Coaching is NOT therapy...but it can help you to move forward
If you're going through a life transition and considering reaching out for professional help, life coaching can be a rewarding option. However, be mindful of the differences between coaching and psychological therapy. A coach must navigate these responsibly. Coaching is NOT a replacement for OR psychological treatment. Here are some key similarities, yet important distinctions:
- Coaching can be therapeutic and healing, but it is not psychological treatment.
- Coaching uses positive psychology; it also takes elements from psychology, such as behaviorism.
- Coaching focuses on the present and moving forward and does not, unlike psychology, dwell in the past.
- Coaching can look at patterns. Although the goal is not to analyze these, but rather, to acknowledge them and shift toward changing them.
- Coaching can help people stay accountable by setting SMART goals and moving into action.
- Coaching helps people change perspective and therefore shift their behavior.
- Coaching does help people to look at their self-limiting beliefs and how to move past these.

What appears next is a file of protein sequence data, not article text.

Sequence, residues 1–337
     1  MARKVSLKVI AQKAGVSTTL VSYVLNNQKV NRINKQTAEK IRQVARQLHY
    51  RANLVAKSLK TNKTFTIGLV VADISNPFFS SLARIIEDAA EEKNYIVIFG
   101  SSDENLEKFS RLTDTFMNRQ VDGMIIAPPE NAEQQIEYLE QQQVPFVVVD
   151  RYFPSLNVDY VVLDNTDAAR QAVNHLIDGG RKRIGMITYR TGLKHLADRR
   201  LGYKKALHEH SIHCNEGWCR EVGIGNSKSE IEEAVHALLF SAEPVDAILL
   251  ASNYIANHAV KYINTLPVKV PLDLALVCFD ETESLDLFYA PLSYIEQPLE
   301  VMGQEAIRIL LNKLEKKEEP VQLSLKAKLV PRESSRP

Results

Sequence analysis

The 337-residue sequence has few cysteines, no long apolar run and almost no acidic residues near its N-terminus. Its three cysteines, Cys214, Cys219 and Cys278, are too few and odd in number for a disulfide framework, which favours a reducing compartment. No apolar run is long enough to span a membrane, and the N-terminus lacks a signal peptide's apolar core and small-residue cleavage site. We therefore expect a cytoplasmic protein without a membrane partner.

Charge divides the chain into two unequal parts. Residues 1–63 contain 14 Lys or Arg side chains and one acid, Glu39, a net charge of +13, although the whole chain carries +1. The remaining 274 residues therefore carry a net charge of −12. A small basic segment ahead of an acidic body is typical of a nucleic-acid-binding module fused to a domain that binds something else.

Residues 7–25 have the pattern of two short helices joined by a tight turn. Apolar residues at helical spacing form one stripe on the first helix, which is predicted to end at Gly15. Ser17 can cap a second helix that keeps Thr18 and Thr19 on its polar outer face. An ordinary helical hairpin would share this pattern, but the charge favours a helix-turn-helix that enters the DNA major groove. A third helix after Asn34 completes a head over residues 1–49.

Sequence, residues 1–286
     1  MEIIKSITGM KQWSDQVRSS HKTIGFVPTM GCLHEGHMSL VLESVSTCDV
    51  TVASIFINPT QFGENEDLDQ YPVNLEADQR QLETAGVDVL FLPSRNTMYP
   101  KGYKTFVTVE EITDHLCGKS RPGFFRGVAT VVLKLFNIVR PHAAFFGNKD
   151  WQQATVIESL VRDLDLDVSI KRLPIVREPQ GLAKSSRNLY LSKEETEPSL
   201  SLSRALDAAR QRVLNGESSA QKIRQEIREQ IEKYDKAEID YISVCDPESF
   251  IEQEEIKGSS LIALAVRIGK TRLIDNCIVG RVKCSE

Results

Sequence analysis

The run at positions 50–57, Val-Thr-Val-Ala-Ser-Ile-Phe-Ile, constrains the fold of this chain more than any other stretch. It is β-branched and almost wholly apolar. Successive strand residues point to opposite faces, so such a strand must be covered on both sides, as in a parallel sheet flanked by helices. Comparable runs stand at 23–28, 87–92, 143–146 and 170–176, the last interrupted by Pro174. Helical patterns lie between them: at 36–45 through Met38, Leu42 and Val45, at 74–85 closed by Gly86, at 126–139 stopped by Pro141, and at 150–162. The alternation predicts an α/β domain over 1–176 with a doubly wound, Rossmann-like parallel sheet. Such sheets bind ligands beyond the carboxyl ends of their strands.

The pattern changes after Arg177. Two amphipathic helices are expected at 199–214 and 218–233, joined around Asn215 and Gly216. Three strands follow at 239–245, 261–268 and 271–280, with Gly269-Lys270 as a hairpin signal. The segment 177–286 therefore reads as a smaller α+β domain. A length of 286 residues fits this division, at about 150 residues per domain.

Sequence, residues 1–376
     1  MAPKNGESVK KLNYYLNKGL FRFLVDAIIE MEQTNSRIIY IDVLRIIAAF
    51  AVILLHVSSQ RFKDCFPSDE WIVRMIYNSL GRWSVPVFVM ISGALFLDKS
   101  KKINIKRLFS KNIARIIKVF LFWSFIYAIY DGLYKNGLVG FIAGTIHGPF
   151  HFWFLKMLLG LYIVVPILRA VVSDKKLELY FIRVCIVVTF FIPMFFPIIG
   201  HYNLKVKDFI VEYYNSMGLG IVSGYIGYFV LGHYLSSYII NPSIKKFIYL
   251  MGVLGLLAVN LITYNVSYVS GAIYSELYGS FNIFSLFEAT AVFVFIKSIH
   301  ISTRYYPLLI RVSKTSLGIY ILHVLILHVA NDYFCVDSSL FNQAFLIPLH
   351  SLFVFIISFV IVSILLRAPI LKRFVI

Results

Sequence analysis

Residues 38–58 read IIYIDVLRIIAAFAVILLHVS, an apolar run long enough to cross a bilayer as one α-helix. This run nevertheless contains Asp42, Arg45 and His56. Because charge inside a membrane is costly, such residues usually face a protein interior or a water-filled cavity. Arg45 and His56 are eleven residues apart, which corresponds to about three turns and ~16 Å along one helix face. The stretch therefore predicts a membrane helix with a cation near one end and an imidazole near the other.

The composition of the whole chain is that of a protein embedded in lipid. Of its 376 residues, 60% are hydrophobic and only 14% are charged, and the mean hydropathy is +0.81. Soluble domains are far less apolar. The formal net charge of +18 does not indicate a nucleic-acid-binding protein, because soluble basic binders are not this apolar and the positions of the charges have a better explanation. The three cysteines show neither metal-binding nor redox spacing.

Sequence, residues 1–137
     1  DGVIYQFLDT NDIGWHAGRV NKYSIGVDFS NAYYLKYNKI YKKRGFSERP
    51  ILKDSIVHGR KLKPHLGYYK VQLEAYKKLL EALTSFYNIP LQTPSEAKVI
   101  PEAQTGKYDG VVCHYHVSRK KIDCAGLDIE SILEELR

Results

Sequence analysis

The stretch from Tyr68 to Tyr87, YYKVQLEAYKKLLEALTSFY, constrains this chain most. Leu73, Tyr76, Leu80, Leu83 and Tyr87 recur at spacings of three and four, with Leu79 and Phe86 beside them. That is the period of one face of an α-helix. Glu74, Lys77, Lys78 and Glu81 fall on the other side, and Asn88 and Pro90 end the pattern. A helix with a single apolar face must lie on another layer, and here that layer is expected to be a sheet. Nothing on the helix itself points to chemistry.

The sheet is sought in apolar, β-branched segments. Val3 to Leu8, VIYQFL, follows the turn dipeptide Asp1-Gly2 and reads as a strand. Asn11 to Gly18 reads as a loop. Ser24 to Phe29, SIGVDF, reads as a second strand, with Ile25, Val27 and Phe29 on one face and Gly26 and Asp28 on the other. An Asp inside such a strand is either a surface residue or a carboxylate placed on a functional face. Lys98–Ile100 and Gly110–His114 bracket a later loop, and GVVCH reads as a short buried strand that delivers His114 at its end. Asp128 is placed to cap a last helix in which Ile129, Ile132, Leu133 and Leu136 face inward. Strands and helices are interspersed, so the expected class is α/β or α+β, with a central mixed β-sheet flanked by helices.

- In coaching, much can be achieved over a shorter number of sessions.
- Coaching focuses on topics rather than issues.
- Coaching is based on a model that recognizes the following: people act in their own self-interest and people want to have choices.
- Coaching is for people who are well and balanced--it is not intended for individuals with deep-seated unresolved psychological issues, which can, in fact, impede progress in coaching.
- Coaching can help you to bridge to psychological therapy.
Life transitions, including career/job, relationships, and generally addressing what's next, are all coachable. The willingness to change, to try something new and different, while exiting your comfort zone, can help you to get started in coaching. Why not give coaching a try? For more information about getting started or for your complimentary discovery call, contact me today: 514-996-2414!